Not another law

New legislation for dispute resolution may not be the best way to move infrastructure projects stuck in courts

The prime minister's directive to the Planning Commission, to draft a new legislation for setting up an institutional mechanism to resolve disputes in public contracts, may not be the best answer to a pressing problem. Indeed, creating a new law may even be seen as a convenient way of sidestepping the failures of the bureaucracy and the prevailing dispute resolution systems. The proposal for this draft law stems from the large number of infrastructure projects stuck in the courts, which are seen to be responsible for the decline in investment and growth. The solution, according to the PMO, lies in setting up a dedicated institutional mechanism, on the lines of the tribunal system, and eliminating litigation up to the high court.

This proposal provokes several concerns. To begin with, it ignores the inefficiencies of the project authorities, which often delay administrative and implementation procedures relating to PPPs. Two, in bypassing judicial delays faced at the high-court level by going down the tribunal route, it fails to acknowledge the troubles inherent in the tribunal system itself. Three, doing away with quasi-judicial arbitration mechanisms comes at the cost of improvements in what has emerged as a moderately successful alternate dispute resolution mechanism in India in the recent past. Four, drafting a new legislation does not wish away the reality of the bureaucratic and administrative incapacities that will likely beset even this new arrangement.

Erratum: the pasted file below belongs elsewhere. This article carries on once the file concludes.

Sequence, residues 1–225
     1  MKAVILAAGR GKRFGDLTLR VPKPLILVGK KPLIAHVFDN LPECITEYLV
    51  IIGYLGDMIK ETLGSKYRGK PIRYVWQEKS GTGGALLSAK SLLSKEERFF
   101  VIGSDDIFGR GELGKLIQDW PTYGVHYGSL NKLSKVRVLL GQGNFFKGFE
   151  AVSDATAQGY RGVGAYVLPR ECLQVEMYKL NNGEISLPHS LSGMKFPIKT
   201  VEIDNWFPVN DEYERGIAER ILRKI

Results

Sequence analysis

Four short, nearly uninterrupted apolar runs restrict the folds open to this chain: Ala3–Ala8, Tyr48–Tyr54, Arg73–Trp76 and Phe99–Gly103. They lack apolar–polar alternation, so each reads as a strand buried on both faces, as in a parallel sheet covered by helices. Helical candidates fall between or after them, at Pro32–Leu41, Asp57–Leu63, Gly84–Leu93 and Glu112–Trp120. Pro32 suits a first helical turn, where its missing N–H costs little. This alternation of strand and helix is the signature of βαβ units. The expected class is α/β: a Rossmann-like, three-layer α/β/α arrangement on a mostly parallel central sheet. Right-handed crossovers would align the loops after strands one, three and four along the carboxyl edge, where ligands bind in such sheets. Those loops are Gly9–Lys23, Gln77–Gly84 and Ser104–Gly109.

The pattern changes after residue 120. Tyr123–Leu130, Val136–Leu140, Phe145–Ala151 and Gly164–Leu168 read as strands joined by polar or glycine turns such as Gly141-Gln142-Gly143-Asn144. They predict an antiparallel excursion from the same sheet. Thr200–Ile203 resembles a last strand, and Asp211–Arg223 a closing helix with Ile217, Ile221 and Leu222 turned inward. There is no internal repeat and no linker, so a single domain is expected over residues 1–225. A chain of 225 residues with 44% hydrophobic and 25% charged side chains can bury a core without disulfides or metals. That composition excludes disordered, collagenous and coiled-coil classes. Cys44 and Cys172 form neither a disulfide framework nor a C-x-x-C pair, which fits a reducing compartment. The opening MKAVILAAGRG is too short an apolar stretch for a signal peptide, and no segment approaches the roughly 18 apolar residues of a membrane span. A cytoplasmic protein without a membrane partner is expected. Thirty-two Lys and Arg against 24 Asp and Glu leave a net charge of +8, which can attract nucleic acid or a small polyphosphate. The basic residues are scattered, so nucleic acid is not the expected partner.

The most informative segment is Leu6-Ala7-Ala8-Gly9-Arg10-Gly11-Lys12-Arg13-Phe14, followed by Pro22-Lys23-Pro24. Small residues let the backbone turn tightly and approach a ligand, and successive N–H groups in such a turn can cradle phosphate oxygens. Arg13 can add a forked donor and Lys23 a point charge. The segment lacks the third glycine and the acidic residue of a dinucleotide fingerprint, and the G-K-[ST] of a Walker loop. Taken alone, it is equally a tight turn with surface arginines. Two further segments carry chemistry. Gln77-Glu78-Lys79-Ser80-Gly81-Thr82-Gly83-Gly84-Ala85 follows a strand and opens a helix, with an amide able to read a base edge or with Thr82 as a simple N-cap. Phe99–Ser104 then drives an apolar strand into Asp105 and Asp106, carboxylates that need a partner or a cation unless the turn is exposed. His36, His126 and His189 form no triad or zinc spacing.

There are other possible solutions. For instance, currently, mediation and arbitration are the accepted modes of resolving disputes arising from PPP contracts. One concern with this arrangement is that there are significant delays from the time of the dispute arising to the moment when a settlement or decision is finally reached. An ideal situation would be to create a specially equipped institutional mechanism, such as panels of mediators and arbitrators specialised in handling disputes involving big-ticket public contracts, within the existing mediation and arbitration systems. That is, this institutional set-up can be achieved without recourse to a new statutory arrangement, under existing law. Such a set-up, which must be endorsed by both sets of parties, can also be given the flexibility to operate under its own rules regarding timelines and procedures. It requires merely a contractual promise by the private and public sector parties to PPPs to approach this specialised set-up.

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